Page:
Tour de France 2018: John Degenkolb Wins Stage 9, Richie Porte Crashes out

Gianni Verschueren@ReverschPassFeatured ColumnistJuly 15, 2018

Australia's Richie Porte, right, receives medical attention as he sits on the road with Belgium's Jens Keukeleire, center, after crashing during the ninth stage of the Tour de France cycling race over 156.5 kilometers (97.2 miles) with start in Arras and finish in Roubaix, France, Sunday, July 15, 2018. Porte quit the race after the crash. (AP Photo/Christophe Ena )
Christophe Ena/Associated Press

John Degenkolb won Sunday's Stage 9 of the 2018 Tour de France, while Richie Porte, a contender for the general classification, retired from the race after an early crash.

The Australian, who also crashed out of Stage 9 last year, took a heavy fall on his shoulder and was immediately taken to the hospital. His retirement sent shockwaves through the peloton:

Here's a look at the full stage results:

Greg Van Avermaet, who finished the stage in second place, remains the leader in the overall standings.

Drama and incidents were expected on Sunday, as the peloton faced the dreaded cobblestones of northern France. Someone was always likely to see their bid to win the Tour go up in smoke, and for the second year in a row, Porte was involved in a crash that saw him retire.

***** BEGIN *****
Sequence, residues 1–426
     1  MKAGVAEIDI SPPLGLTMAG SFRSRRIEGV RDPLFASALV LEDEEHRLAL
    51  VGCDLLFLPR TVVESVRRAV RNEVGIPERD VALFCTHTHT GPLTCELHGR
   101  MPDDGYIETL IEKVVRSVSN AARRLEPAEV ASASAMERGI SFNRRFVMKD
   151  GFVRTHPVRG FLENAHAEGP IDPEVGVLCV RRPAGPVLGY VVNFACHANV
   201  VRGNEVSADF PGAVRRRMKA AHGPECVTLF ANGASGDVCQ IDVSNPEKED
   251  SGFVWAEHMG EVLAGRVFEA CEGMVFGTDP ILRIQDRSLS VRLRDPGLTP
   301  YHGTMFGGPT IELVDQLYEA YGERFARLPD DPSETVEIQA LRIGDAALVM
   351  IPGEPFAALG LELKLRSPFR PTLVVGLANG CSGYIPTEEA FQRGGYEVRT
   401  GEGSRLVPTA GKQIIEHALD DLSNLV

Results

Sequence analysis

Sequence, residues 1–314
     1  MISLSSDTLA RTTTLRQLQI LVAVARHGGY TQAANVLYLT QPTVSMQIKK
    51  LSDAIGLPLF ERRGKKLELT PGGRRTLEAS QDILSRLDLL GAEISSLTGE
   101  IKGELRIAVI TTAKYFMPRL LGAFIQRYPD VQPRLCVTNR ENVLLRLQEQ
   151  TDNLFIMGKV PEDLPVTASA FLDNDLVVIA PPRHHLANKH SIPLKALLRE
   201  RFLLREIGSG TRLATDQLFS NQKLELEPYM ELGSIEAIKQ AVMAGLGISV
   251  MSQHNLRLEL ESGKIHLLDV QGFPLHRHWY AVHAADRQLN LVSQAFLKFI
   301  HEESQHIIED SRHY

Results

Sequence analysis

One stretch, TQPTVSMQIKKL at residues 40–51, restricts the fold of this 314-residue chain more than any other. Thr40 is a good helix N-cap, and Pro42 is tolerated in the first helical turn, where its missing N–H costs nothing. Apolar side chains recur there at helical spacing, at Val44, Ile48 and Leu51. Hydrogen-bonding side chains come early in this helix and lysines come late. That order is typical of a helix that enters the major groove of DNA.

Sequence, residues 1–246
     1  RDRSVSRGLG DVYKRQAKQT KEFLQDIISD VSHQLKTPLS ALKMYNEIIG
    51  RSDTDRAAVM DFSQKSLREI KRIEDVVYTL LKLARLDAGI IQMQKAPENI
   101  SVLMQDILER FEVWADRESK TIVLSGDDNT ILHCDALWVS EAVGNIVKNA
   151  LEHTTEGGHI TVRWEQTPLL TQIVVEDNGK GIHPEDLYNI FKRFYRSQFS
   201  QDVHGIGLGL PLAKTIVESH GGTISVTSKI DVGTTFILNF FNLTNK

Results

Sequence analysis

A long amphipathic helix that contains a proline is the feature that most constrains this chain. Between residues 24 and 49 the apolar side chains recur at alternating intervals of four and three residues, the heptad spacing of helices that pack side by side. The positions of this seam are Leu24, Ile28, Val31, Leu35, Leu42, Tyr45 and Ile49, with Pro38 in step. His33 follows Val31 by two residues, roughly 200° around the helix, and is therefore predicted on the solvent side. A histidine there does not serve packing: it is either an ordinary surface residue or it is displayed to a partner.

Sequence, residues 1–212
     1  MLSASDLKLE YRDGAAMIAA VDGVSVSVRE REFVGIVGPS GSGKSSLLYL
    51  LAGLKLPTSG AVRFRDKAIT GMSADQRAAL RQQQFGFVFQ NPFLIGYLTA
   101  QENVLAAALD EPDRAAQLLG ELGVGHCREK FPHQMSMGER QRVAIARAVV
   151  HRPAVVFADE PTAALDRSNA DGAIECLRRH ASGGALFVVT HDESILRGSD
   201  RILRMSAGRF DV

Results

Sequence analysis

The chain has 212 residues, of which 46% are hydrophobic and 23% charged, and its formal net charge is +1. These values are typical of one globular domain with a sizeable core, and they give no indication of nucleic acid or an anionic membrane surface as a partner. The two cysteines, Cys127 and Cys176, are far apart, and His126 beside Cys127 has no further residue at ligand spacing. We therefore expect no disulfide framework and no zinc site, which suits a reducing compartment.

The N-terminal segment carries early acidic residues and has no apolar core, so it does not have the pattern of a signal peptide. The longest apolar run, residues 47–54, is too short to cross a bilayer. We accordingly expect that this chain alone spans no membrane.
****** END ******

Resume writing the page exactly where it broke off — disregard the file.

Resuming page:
While it wasn't as spectacular as last year's crash with Dan Martin, it was still a scary sight. Porte went down just a few kilometers into the stage and immediately reached for his shoulder. He didn't even attempt to get back on the bike.

Fans and pundits alike were devastated:

That wasn't the end of the drama, as Tom Dumoulin encountered an early mechanical issue and Romain Bardet suffered a puncture. The French contender had to make up a full minute, a tricky undertaking on the thin and packed roads of northern France.

The Inner Ring thought it cost him plenty of effort:

Rigoberto Uran was among the GC riders to lose time, while Bardet and Mikel Landa had to race hard just to stay in touch. Dumoulin, Chris Froome and Alejandro Valverde all added to the nerves with attacks near the final sector, but none of the GC contenders got away from the pack.

At the front, the specialists were always expected to battle it out for the race win. Three riders eventually got away, including the yellow jersey-wearing Van Avermaet―winner of the 2017 Paris-Roubaix race and clear favourite on the streets of Roubaix.

Peter Sagan was too far back to play a part in the sprint, in which Degenkolb attacked first and powered his way to the win. It was the German's first-ever Tour win.

Van Avermaet took second place and maintained his lead in the overall standings, although he's likely to lose that lead next week. Yves Lampaert finished in third place.

Monday will be a rest day in the Tour, before the peloton faces the first real uphill challenge on Tuesday. It will be a warm-up of sorts for Wednesday's stage in the high mountains, with the finish at La Rosiere.

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